It’s no secret that certain members of the Fightland family are big Rowdy Roddy Piper fans.
The fact that he graciously bestowed his Rowdiness upon former UFC bantamweight champ “Rowdy” Ronda Rousey gave us our most obvious excuse to write about the dearly departed wrestling icon, but it went deeper than that. For many children of the eighties and early nineties, pro-wrestling, as choreographed and scripted as it was, was our first combat-related love, an MMA gateway drug of sorts, and even those of us who long ago left the squared circle for venues with more corners and fewer predetermined outcomes still maintained a fondness for the best villain in the game. When Roddy Piper, whose real name was Roderick Toombs, died of cardiac arrest at the age of 61 this past summer, tributes poured in from both the pro-wrestling and martial arts worlds.
So if you, like us, have been dreading your first holiday season without Hot Rod, here’s a little treat for you:
We recently dug up this ghost of Christmas past, a sweet if confusing carol that Piper and superfan Craig Lauzon released back in 2011. He also recorded some New Year’s resolutions around the same time.
Although Piper was primarily known as a professional wrestler and star of cult classics like They Live, he also dabbled in the music world occasionally over the course of his life. He played the bagpipes in Toronto pipe bands as a teenager. Old school rasslin’ legend Classy Freddie Blassie once sabotaged his pipes with wads of toilet paper when he was trying out for Vince McMahon Sr. He was a part of the then-WWF’s wildly successful The Wrestling Album, which recently marked its 30th anniversary. Vice Sports celebrated the occasion with an excellent oral history last month. “It went gold!” Piper told me when I asked him about the album, still seemingly stunned by the achievement, in an interview two years ago. “There’s some really great musicians that don’t have gold records!”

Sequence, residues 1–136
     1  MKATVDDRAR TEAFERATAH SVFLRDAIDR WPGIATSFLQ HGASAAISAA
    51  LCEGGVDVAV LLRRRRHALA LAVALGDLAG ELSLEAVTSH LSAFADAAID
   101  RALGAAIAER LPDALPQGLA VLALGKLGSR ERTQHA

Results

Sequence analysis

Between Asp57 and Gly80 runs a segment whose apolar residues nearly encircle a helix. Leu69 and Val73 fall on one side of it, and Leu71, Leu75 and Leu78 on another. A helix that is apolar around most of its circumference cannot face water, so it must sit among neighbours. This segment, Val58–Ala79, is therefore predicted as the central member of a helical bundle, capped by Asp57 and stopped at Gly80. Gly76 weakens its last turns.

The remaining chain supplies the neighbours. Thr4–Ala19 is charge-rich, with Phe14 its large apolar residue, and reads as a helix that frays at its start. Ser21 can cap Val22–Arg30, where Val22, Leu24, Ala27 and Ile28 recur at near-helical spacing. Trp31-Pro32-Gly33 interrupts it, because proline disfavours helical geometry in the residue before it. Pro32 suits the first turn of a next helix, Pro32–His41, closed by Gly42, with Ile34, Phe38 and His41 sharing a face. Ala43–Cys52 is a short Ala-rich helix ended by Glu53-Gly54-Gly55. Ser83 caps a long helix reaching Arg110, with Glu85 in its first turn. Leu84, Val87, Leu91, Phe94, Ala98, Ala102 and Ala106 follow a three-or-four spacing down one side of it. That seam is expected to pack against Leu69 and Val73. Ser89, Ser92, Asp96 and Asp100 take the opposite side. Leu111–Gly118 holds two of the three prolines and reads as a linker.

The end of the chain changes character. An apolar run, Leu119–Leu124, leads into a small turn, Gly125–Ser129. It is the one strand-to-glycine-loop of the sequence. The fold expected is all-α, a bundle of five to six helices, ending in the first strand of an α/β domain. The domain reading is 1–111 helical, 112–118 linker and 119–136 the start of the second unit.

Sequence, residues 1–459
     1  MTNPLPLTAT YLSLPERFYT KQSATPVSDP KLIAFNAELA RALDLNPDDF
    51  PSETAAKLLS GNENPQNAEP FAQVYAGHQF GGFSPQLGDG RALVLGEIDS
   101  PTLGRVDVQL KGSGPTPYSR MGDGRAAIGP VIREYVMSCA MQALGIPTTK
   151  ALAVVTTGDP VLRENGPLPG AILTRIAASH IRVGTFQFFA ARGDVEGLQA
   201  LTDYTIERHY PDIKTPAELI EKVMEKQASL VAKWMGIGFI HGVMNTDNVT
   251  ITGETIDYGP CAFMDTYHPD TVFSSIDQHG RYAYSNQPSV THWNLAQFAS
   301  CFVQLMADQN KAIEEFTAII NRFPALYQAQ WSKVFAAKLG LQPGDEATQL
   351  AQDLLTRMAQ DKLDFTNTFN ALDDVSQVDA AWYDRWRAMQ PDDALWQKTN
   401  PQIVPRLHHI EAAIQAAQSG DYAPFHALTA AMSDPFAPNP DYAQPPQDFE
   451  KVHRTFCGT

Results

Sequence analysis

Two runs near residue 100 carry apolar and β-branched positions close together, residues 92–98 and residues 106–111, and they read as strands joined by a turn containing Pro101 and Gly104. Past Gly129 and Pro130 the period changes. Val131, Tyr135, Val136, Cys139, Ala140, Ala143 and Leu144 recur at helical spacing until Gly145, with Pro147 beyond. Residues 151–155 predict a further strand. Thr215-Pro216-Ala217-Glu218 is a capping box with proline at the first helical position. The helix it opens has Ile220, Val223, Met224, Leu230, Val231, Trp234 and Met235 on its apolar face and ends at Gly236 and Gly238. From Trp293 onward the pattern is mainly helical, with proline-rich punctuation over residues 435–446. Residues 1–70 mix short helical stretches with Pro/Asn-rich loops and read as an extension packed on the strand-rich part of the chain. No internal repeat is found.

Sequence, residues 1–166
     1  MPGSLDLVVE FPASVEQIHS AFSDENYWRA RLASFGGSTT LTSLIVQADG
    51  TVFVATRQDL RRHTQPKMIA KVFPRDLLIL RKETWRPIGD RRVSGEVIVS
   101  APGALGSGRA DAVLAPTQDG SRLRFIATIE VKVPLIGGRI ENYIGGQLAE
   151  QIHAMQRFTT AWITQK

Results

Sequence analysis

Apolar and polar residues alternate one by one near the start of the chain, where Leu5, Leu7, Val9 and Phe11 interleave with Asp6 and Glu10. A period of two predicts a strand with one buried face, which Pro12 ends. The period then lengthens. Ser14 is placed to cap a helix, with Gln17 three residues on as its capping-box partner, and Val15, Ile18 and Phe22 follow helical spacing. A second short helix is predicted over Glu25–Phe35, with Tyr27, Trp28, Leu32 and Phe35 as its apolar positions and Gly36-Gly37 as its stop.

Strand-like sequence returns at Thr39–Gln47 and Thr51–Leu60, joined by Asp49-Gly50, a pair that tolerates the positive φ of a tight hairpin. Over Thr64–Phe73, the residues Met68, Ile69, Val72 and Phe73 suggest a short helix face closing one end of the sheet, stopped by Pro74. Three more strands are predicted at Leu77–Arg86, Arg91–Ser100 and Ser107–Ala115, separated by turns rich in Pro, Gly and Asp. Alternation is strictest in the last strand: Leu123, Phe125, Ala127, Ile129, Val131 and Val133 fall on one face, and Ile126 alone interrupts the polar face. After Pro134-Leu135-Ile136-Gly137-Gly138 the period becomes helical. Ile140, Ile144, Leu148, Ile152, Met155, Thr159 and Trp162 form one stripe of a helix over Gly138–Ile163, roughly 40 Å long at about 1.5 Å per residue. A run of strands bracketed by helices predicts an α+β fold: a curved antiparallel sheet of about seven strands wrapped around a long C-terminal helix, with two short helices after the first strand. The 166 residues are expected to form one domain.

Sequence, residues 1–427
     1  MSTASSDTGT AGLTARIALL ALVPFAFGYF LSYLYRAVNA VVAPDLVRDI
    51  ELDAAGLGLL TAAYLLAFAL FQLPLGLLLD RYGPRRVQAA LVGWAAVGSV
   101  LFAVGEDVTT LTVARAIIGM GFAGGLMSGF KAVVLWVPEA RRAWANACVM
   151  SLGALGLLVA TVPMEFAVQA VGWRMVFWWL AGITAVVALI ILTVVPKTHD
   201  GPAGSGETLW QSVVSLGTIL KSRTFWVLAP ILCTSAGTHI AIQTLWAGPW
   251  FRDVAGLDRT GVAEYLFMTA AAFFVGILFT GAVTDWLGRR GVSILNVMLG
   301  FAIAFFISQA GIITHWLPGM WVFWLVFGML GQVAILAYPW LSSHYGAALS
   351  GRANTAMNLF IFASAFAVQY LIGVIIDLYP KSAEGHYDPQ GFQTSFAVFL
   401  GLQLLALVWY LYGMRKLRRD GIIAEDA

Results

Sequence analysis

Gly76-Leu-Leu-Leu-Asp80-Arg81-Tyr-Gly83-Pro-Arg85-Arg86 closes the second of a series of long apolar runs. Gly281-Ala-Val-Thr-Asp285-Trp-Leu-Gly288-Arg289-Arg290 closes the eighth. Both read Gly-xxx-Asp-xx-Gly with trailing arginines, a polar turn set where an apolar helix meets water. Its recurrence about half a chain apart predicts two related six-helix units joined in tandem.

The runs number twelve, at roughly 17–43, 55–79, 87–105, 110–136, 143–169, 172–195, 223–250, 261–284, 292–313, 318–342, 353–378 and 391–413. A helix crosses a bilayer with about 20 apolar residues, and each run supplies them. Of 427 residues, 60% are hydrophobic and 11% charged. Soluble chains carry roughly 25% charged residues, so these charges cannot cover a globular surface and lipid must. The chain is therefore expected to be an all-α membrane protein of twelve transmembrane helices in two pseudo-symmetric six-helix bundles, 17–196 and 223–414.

Roddy also had a UK-only single called “I’m Your Man” in 1992 and released a charity song called “Off the Top Rope” (with a B-side about Canadian hero Terry Fox) with Alan Snoddy and the Queen St. Band over the 2013 holiday season.
Piper’s “12 Days of Christmas” with the Number One Fan in the World of the Roddy Piper President Club Craig might not his most polished effort, but it’s a charming little ditty sure to keep us going through our first ever holiday season that’s all out of some ass kicking.
And if that’s not enough, we can always turn to Ebeneezer Piper’s A Christmas Carol from a 1985 episode of Tuesday Night Titans. Rod bless us, everyone.
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